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Face to face with Olga Broumas


THE POET Olga Broumas, who doesn't often make public appearances, treated a mesmerised
audience to an evening of poetry on November 19, sponsored by the Fulbright Foundation and hosted at the Gennadius Library of the American School of Classical Studies.

Olga Broumas admits to having precious little time for social contacts "because if you have to work for a living and support yourself as an artist and be an artist, something has to go". And in a weekly schedule that involves three full days at Brandeis University, located at Waltham, Massachusetts, where she teaches and directs the writing programme, she drives home over 100 miles every Thursday night to a spit of land that juts out into the Atlantic Ocean, and there hardly talks
to anyone.
For someone who admits to being "the last one at a reading and the first one to leave", her presence filled Cotsen Hall at the Gennadius as her voice danced and sang images of "fabled/ light", "rain-/green Oregon", "Resinous weeds/grown taller where the water/dripped" and "the
unmarked shore/young Homer roamed", as well as the poems of Greek writers Odysseus Elytis and Kiki Dimoula.

A day before the reading, I met Broumas at the Fulbright offices, where she generously agreed to an interview. I asked of her influences, of when her devotion to language began.
"I've been writing since I was four. When my father taught me to read, he neglected to tell me that reading and writing are separate activities," she laughs. "I didn't go to school till I was seven, so I had three years, and my basic play was reading, writing and drawing. It was a room of my own."
She describes sitting at her thraneio when the other kids were learning to read and write. She would sit by herself writing and reading on her own, but "by third grade I started listening".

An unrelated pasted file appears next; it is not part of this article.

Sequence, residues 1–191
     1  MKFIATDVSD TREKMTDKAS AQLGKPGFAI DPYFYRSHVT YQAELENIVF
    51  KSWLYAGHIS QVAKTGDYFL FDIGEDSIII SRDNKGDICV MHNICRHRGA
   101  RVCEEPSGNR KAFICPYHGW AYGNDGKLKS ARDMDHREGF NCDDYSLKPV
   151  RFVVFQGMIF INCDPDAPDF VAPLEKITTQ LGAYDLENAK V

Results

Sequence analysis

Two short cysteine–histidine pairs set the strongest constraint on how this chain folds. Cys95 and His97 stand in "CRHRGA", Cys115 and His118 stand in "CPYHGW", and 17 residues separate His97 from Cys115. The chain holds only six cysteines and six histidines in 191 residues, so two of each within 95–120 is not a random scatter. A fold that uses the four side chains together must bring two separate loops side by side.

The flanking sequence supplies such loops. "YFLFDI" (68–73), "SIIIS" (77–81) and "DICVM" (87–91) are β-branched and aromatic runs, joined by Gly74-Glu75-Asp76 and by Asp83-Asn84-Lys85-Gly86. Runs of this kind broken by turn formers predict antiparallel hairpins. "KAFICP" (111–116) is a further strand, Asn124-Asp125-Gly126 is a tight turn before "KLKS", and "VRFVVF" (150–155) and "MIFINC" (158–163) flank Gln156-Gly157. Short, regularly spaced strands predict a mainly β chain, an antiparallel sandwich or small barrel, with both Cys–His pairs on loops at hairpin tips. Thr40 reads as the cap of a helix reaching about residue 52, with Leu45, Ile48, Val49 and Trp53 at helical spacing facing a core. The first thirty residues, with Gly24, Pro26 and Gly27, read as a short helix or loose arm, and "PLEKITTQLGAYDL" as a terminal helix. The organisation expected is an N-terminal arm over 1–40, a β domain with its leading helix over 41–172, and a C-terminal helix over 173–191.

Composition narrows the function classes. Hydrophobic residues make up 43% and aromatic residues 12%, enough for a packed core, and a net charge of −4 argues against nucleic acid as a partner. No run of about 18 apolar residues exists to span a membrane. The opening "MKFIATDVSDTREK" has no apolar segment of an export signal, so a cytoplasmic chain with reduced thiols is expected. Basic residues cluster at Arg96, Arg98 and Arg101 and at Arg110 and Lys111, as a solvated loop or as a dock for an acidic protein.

Broumas' listening goes back to a childhood household where French, Arabic and English were spoken along with Greek; where during her grandmother's visits (her mother is originally from Alexandria) her mother and grandmother would switch into Arabic or French when they wanted to speak privately.
"And, of course, that's when I perked up and really listened," she says. I ask who the poets are that she later found herself listening to the most, and she speaks almost immediately of Elytis, whom she began translating at 18 when she first went to the US on a Fulbright fellowship to study
architecture. He was her favourite poet, and she smiles when she describes how she carried him with her.
"I wanted to tug on everyone's sleeve and say 'read', but he was in Greek and everybody there was American. And when I went to find some translations... and you know everyone has their poet inside them and somebody else's translations are a little bit like watching your lover being
made love to by someone else, so I started to make my own to show my friends."
Elytis, she says, taught her that "you can sing with language". He also taught her to take leaps and
make unconventional juxtapositions. But it is not only Elytis' music that influenced her, it is also
Janis Joplin's and Joni Mitchell's, both of whom she says "spoke cleanly from their hearts".
There is also Adrienne Rich's Diving into the Wreck that was with her during the time she was writing Beginning with O, the first Yale Younger Poets award-winner by a non-native English speaker. Rich taught her "that I must use my intellect", that if you are adikimeni - "a word that doesn't translate into English unless you say 'un-justed" - then "you write with the
voice of justice. You do not write as a victim. You don't write as a complainer."
And then there's WS Merwin, the first American poet she was introduced to in the States, from whom she learned the simplicity of expressing one's heart. Merwin "opens his heart, presses a piece of paper to it and prints the paper. He's so directly simple. And he taught me that's really all I have to do."
But Broumas laughs, adding: "Of course, when I do that, something else comes out. But the gesture is the same." I notice heart, melody, dance and Greek are among the words that come
up several times in our conversation. Despite her 42 years in the US, Broumas does not consider herself Greek-American. She says simply, "I am a Greek who writes in English."
She tells me there are three things she trusts: "That I am inalienably Greek, a woman and a poet." Those three things, she continues, "can't be altered". So, when I speak of the many voices in her work, of the borrowings from myriad traditions - Hindu, Native American, Roman, Ancient Greek and Chinese, to mention only some - she nods and says that she has always been open to influences but that "no matter what I take in, it only augments those three things that remain unalterable".

© 2006 Adrianne Kalfopoulou, Author. All Rights Reserved